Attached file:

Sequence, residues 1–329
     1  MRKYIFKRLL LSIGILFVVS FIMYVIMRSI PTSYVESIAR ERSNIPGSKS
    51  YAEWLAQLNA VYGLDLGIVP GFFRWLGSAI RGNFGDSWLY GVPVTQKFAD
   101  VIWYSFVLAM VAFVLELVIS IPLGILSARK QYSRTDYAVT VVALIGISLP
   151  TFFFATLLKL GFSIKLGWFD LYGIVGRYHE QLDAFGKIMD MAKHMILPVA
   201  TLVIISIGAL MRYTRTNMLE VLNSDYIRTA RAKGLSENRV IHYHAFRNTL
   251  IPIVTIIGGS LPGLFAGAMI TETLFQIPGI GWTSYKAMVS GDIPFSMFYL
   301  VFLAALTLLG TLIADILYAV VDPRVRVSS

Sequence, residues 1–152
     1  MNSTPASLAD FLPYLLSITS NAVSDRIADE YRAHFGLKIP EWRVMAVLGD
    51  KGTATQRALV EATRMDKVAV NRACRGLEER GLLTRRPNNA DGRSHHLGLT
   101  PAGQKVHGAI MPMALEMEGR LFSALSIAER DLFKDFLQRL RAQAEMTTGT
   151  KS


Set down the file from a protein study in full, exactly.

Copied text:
Sequence, residues 1–329
     1  MRKYIFKRLL LSIGILFVVS FIMYVIMRSI PTSYVESIAR ERSNIPGSKS
    51  YAEWLAQLNA VYGLDLGIVP GFFRWLGSAI RGNFGDSWLY GVPVTQKFAD
   101  VIWYSFVLAM VAFVLELVIS IPLGILSARK QYSRTDYAVT VVALIGISLP
   151  TFFFATLLKL GFSIKLGWFD LYGIVGRYHE QLDAFGKIMD MAKHMILPVA
   201  TLVIISIGAL MRYTRTNMLE VLNSDYIRTA RAKGLSENRV IHYHAFRNTL
   251  IPIVTIIGGS LPGLFAGAMI TETLFQIPGI GWTSYKAMVS GDIPFSMFYL
   301  VFLAALTLLG TLIADILYAV VDPRVRVSS

Sequence, residues 1–152
     1  MNSTPASLAD FLPYLLSITS NAVSDRIADE YRAHFGLKIP EWRVMAVLGD
    51  KGTATQRALV EATRMDKVAV NRACRGLEER GLLTRRPNNA DGRSHHLGLT
   101  PAGQKVHGAI MPMALEMEGR LFSALSIAER DLFKDFLQRL RAQAEMTTGT
   151  KS